CM: Look, when I started people I knew in the theatre used to tell me their training was in summer stock and lots of regional theatres. Over the last 4-5 years I've noticed...how the American scene was changing, that the standards of non-Equity have shot up and often they're now better than some Equity productions. There's a huge majority of this cast in Oliver! that I would be only too thrilled to have if I was doing it on the West End of London or on Broadway. When I started producing in America myself, with Les Misérables, really — Cats had just been on and then I decided I would do it myself here — "bus and truck" was considered the end of the commercial line: You didn't get much scenery and you got as few a cast as you needed. I refused to do that with Les Miz and my shows, like Phantom, and I'm very proud of the fact that my legacy is that I raised the bar, hugely. That's what has made the road — which was not very strong before then; it had gone through a bad period — suddenly become as important as Broadway. I'd make sure the lighting and the sound and the performances were as good, if not better, than what they read about. I think that's what's happening now with the best of non-Equity: That is the quantum leap that's taking place. I hope Equity doesn't get themselves into a corner — to realize this is an opportunity, not a problem.
PBOL: An opportunity how? What can Equity do?
CM: I'm sure there are ways of doing it. Look, in the subsidized theatre — non-commercial theatre — they have many different scales for different types of theatre, don't they? Why should the commercial theatre, where it's even more expensive, be any different? The talent that is learning to hone their skills at a very high level in these kind of productions [non-Equity tours] are the stars of Broadway of tomorrow. Surely, that in the end is good for the membership of Equity. All anyone cares about is talent. It's putting the best possible talent in the best possible material that stands the best chance of getting audiences to want to come to the theatre again. Every part of our profession needs to help each other. We've all got the same aim: To keep employed and have a job, as well as to entertain. At the same time, they've got to get rid of this archaic chorus contract, which is, frankly, insulting. It's also terribly counterproductive, in these cost-conscious times, for artistic excellence. Under a chorus contract, actors can give two weeks' notice at any time. [Without] having a term contract, as you do with principals, you can't organize yourself to do a proper rehearsal period. Consequently, it's an ever-evolving thing, where people just get "put in" by the stage manager. So you never get that coherent sense of possession, which we get in other countries, where the cast "possesses" the show. It doesn't matter that it's been done by other casts. It becomes their interpretation for the length of run they're in it.
PBOL: When the long-running Equity tour of Les Miz went on hiatus earlier this year and was reconstituted in the fall, some people were surprised it remained an Equity production. It had lived a rich, long Equity life on the road. Why didn't you go non union?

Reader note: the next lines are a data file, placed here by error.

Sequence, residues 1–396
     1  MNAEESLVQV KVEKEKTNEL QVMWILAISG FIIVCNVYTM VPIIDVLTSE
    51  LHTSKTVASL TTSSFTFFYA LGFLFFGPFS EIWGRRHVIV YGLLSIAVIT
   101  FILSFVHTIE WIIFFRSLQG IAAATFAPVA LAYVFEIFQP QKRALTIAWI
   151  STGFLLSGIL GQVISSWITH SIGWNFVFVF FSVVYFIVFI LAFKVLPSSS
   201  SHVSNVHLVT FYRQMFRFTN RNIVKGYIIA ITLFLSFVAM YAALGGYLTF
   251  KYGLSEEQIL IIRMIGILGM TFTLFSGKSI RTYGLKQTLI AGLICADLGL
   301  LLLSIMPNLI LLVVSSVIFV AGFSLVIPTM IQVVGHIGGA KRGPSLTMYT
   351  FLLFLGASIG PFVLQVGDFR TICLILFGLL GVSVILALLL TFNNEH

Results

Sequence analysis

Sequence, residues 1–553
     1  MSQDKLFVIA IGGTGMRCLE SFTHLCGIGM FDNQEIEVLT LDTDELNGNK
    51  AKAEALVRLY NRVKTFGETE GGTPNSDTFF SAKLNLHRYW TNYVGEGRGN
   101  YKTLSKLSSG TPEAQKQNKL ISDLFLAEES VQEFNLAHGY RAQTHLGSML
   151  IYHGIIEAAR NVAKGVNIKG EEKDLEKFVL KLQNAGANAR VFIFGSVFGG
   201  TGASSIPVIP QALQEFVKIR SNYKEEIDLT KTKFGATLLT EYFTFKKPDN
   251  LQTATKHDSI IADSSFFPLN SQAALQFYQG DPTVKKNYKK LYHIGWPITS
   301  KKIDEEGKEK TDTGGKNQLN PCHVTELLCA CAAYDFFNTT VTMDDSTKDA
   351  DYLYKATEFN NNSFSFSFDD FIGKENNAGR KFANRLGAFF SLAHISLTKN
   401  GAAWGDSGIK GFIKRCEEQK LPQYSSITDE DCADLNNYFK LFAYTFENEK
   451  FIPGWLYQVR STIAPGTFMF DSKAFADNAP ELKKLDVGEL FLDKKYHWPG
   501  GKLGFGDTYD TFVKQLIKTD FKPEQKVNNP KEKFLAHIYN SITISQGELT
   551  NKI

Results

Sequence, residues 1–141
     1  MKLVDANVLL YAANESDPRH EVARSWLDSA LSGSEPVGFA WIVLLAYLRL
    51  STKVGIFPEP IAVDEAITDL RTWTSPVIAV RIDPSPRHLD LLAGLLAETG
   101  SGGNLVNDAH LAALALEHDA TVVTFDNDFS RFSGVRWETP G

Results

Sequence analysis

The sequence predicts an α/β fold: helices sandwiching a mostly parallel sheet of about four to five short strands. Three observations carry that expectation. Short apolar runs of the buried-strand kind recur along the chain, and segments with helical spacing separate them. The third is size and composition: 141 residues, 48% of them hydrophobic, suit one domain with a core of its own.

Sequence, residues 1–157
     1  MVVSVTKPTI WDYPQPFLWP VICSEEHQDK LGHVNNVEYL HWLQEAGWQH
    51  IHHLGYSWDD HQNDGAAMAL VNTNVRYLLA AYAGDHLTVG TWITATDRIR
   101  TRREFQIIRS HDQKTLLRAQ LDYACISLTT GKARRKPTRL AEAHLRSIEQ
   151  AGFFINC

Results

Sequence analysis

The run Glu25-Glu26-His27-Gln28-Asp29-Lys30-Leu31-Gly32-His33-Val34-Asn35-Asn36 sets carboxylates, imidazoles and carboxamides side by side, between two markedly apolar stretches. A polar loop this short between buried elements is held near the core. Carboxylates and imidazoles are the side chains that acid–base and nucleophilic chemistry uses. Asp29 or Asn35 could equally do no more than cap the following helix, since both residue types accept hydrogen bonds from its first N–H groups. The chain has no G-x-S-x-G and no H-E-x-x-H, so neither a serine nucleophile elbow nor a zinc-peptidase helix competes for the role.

CM: Well, I will do, at one point, but at this point, I was still able to keep it Equity and I'm still producing it. I have not produced myself — and I'm not intending to produce at this current time — a non-Equity production. There are people out there who know how to do that better than I do. I will work with the best people here that I can find in the appropriate arena. At the moment, Les Misérables and indeed Phantom are still working under their Equity contracts [on tour]. I want the piece to have the longest life at the highest level of artistic standard that I can.
PBOL: Is there a circumstance where you can see your production of Oliver! on Broadway, or do you think the current tour will be its American life?
CM: The next few months will tell, but when people are exposed to the full-blooded show as opposed to what they think it is... I think if this show ends up doing very well on the road, I'll be very surprised that some theatre owner doesn't say to me, "Cameron, we'd love to do it [on Broadway]." But it can't be done on Broadway unless there is an economic way of actually making it work.
PBOL: It's about reinventing the business mechanism of producing?
CM: Yeah, and the fact that someone has to take a proper view that is not exploitive about: Why should children who are employed for that moment in their life, a lot of which will never become professional actors, treated on the same level as people whose ambition is to be a professional actor? With kids, you want them to be themselves [on stage] most of the time. Occasionally, you will get a lead role like [the Artful Dodger] or something, which is different, because you're looking for someone very special, but it's just the same as when you're looking for someone very special in professional theatre: You play an in demand principal the going rate, not the minimum. It's common sense.
PBOL: Can you give me a sense of what the end of Lionel Bart's life was like when you were working on the Oliver! revival back in 1994? Was he elated?
CM: He was completely elated. He had the most wonderful time. He was very active in the rewrites that we did: extending numbers, writing new lyrics and — the biggest one — working with [orchestrator] Bill Brohn on the massive reorchestration. There's not a note of the original score there; the [melody's] there but it's been created as if it's a brand new musical. That's why it sounds so fresh and marvelous.